North Korea Tensions Hit Global Stock Markets

Javier Stokes
August 14, 2017

US stock futures eased early Wednesday, as investors kept watch on an increasingly tense situation between the North Korea and the U.S.

In Europe, Britain's FTSE100 was down over one percent, Germany's DAX traded 0.5 percent lower, while the French CAC40 index was 0.62 percent in the red, as of 9:00am GMT. Meanwhile, markets in Japan, South Korea and other Asian countries were also lower, and so-called futures signaled that USA markets would also open down.

"We're through most of the earnings season and the valuations [in the stock market] become a bit problematic when you have something like North Korea come up, "says Maris Ogg, president at Tower Bridge Advisors".

In overseas trading, stock markets across the Asia-Pacific region saw further downside during trading on Thursday. But for the week the S&P 500 lost 1.3 percent, its worst weekly showing since March. The Dow slumped by 1.1 percent, while the Nasdaq and the S&P 500 tumbled by 1.5 percent and 1.4 percent, respectively. South Korea's KOSPI fell 1.8 percent to almost a three-month low.

Trump had told North Korea to not "make any more threats" to the US or the country "will be met with fire and fury like the world has never seen". The comments follow reports that North Korea has mastered a crucial technology needed to strike the United States with a nuclear missile.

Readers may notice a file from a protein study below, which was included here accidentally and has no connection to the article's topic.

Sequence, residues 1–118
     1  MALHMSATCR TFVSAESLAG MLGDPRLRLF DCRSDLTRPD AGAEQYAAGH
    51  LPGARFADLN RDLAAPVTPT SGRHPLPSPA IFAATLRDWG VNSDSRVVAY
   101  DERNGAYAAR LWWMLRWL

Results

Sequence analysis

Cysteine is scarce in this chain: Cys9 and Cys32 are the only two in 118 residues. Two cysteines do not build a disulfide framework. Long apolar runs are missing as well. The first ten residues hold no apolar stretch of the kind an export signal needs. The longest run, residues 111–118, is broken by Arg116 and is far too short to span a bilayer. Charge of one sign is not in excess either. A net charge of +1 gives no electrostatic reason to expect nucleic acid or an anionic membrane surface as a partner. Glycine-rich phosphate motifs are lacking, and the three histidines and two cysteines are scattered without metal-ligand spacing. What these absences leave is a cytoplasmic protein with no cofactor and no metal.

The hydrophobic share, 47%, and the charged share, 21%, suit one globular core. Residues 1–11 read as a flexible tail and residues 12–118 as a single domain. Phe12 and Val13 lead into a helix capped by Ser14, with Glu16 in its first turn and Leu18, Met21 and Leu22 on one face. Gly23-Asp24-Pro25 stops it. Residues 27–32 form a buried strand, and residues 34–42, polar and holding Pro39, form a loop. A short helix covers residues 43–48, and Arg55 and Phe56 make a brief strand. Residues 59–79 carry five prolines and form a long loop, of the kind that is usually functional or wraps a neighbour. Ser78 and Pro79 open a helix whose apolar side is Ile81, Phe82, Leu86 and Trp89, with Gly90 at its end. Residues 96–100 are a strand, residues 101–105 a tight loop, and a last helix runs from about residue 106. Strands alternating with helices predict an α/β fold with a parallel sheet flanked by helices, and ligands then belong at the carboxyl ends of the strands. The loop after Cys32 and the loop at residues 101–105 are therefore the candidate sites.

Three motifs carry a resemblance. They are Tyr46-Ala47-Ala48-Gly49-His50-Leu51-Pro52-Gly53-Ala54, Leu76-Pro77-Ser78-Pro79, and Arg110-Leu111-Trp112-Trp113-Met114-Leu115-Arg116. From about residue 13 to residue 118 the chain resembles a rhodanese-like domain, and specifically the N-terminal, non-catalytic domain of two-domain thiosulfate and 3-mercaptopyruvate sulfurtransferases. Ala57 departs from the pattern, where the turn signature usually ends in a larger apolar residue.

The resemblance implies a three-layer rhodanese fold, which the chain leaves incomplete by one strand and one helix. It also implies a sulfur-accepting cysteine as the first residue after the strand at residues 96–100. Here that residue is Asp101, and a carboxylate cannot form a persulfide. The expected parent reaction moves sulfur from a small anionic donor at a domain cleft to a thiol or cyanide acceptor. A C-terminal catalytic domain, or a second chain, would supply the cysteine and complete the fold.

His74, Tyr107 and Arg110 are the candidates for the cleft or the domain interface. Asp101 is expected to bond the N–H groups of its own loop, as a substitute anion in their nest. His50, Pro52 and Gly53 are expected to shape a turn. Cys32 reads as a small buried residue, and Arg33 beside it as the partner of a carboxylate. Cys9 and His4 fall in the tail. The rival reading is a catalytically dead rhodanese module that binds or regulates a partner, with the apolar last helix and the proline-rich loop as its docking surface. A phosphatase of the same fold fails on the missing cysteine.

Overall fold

The Nasdaq Composite was up 38.25 points, or 0.62 percent, at 6,255.12.

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Similarly, PML-N leader Musaddiq Malik expressed sorrow over the child's death and sent his condolences to the family. The incident enraged the local resident who later raised slogans against Nawaz Sharif.

The benchmark Korea Composite Stock Price Index lost 26.34 points, or 1.1 percent, to 2,368.39.

Cempra (CEMP) is leading the biotech sector lower after reporting a narrower than expected second quarter loss but weaker than expected revenues. Pyongyang said it was examining plans for attacking Guam, a US territory in the Pacific that has a USA military base. Discovery Communications fell 70 cents, or 2.9 percent, to $23.60.

Travel website operator Priceline fell 7.26 per cent, weighing the most on the S&P and the Nasdaq, following a disappointing forecast. Brent crude, used to price global oils, gained 56 cents to $52.70 in London. Brent crude, used to price worldwide oils, slid 52 cents, or 1 percent, to $52.18.

The Canadian dollar was trading at 78.64 cents U.S., down from an average price of 78.71 cents U.S. on Wednesday. Silver gained 20 cents, or 1.2 percent, to $17.07 an ounce.

In other energy futures trading, wholesale gasoline was little changed at $1.62 a gallon, heating oil rose 2 cents to $1.65 a gallon and natural gas rose 6 cents to $2.88 per 1,000 cubic feet. They suggest the US and China, a North Korean ally, could work together to de-escalate the situation.

The pound was down 0.1% against the euro at 1.10.

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